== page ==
Most great leaders expend a lot of energy studying the nuances of leadership. We focus on improving our skills, growing in our capacities and becoming more effective as influencers. We are taught to zero in on mission and vision and goal setting. Our coaches stress topics such as authenticity, character and integrity. All of these are great and necessary parts of being a leader.
But there is something more that we may want to consider: How a topic is addressed may be as important as the topic itself.
How you approach and are perceived by the people you lead can make or break your leadership effectiveness. The best leadership strategy in the world can be shipwrecked by a lack of effective communication.
We know what we are thinking. We are sometimes task-driven and we expect everyone to be on the same page. In moments of pressure, we may cut some corners in regard to treating people with dignity and respect. And when this happens, it matters little what your intentions were. How you engage people overshadows what you hope to accomplish with them. Whether or not you intend it to be this way, people will perceive that the task is more important that the team.
How can this happen?
Am I inadvertently sending an unintended message?
Am I accidentally sabotaging organizational progress?
In what ways may a leader push the “how” rather than the “what”?
- Disengaging from conversations before they are finished. A lack of patience is obvious to people and it sends a message – one that speak very loudly.
- Allowing the emotions of the moment to drive the conversation. A raised voice, swear words, threats…these have no place in a mutually respectful leadership setting.
- A cold shoulder. The silent treatment is for Jr. High. Professionals don’t behave in such immature ways.
- Misleading followers. Your word is your most valuable asset. Mean what you say and say what you mean. Verbal game-playing destroys trust.
- Practice what you preach. When you make a commitment to a team member or colleague, please fulfill it.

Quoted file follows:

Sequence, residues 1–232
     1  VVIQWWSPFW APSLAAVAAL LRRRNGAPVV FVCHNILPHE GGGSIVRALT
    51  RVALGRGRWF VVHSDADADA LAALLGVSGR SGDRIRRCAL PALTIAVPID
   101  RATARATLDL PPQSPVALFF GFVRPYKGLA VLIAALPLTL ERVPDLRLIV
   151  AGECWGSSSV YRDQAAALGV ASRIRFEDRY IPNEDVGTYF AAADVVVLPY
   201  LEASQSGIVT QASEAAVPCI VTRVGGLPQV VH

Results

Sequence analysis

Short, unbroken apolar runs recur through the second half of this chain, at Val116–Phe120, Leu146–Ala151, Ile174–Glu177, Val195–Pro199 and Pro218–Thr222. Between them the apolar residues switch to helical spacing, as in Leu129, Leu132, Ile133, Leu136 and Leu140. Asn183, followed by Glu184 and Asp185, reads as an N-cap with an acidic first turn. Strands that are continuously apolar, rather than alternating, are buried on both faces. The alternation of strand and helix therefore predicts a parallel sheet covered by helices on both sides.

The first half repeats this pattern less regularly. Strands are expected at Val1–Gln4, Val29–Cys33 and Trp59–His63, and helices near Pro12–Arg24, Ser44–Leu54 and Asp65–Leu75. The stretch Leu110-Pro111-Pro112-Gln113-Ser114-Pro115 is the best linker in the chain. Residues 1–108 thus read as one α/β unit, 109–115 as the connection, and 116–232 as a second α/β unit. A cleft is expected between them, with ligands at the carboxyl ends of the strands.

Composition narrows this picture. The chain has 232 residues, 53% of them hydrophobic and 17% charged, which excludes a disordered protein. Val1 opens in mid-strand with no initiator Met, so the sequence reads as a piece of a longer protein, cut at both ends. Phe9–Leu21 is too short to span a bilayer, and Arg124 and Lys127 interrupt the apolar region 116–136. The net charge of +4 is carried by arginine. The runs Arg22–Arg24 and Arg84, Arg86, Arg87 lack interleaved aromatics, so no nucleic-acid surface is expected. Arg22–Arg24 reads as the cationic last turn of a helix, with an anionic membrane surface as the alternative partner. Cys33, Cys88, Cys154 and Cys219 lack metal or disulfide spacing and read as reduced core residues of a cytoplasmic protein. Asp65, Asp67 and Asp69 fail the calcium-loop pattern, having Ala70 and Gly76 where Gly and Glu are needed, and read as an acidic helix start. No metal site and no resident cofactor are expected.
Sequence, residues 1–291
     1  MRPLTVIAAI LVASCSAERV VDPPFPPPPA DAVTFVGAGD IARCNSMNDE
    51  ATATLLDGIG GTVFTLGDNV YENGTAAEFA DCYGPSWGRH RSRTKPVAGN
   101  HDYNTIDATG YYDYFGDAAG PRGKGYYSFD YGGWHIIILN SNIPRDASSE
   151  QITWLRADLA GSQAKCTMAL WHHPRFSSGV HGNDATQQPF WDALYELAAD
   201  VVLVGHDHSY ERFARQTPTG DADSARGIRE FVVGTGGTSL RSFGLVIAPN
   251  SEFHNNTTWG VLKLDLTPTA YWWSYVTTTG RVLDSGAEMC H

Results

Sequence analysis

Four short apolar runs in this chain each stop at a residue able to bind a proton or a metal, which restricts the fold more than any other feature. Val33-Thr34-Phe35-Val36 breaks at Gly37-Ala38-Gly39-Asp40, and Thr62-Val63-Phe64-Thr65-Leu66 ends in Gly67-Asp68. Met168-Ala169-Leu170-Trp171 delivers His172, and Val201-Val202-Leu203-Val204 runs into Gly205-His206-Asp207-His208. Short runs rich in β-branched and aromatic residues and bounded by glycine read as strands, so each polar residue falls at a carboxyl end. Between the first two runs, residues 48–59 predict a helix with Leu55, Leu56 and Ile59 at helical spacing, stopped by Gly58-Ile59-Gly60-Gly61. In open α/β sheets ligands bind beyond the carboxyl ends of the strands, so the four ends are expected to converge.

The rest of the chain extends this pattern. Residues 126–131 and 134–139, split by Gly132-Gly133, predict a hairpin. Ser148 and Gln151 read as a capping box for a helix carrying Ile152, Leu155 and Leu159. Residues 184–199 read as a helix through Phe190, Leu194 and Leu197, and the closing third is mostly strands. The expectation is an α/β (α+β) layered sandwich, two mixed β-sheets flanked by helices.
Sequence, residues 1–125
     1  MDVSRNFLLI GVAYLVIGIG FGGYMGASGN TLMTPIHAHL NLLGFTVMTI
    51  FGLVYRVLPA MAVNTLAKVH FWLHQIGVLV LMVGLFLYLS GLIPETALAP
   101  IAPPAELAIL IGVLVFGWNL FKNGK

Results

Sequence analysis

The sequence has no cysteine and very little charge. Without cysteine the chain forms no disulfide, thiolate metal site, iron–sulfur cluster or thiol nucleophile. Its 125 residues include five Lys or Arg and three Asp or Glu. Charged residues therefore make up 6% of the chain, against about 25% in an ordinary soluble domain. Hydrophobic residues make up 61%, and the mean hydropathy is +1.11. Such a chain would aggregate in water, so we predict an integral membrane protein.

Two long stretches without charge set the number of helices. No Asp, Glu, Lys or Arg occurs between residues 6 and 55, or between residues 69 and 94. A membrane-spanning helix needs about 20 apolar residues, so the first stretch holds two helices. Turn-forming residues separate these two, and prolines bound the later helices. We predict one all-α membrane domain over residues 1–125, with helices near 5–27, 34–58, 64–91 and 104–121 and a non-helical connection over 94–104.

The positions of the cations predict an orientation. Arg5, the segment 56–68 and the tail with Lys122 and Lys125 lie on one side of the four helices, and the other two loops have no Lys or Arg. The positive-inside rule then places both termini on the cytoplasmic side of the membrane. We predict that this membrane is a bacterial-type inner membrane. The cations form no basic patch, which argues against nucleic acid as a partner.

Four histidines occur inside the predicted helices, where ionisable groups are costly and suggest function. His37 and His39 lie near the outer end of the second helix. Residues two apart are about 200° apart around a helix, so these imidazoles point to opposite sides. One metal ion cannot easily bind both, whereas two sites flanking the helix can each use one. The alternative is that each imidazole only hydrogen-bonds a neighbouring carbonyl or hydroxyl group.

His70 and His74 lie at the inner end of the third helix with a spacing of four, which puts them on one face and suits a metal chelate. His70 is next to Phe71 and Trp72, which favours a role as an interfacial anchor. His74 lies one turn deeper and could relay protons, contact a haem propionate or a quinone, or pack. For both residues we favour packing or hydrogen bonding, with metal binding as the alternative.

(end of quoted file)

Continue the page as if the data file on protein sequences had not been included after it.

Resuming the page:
- Building people up just to let them down. A common strategy for leaders who have to censure someone is to “sandwich” praise/rebuke/praise. While this may work with children, most adults simply want to know the truth. If you choose this method, expect people to think you are disingenuous.
- Communicate only when you need something. I attempted to connect with a colleague for some time. He ignored me until he started consulting and needing clients. I then heard from him quite often. Message sent and received.
- Using the wrong pronouns. Lewis B. Ergen said, “The ratio of We’s to I’s is the best indicator of the development of a team. “ If it’s always I, the how crushes the what.
- Sitting behind a desk rather than sitting at a table. It may not seem like a big deal but people may interpret the barrier of furniture as protection or insulation. Even if they don’t, sitting at a table or in side chairs communicates togetherness and equality. Don’t derail your leadership by unintentionally communicating aloofness or, even worse, arrogance. I don’t want a desk to hide behind; I want a table to share.
These and many others are examples of how leaders can limit their effectiveness by getting the “how” wrong. When this happens, the “what” is never realized.
Let’s work as much on the “how” as we do the “what.” Our relationships will improve, our constituents will trust us more, and we will be more effective leaders.
Agree? What would you add to the list?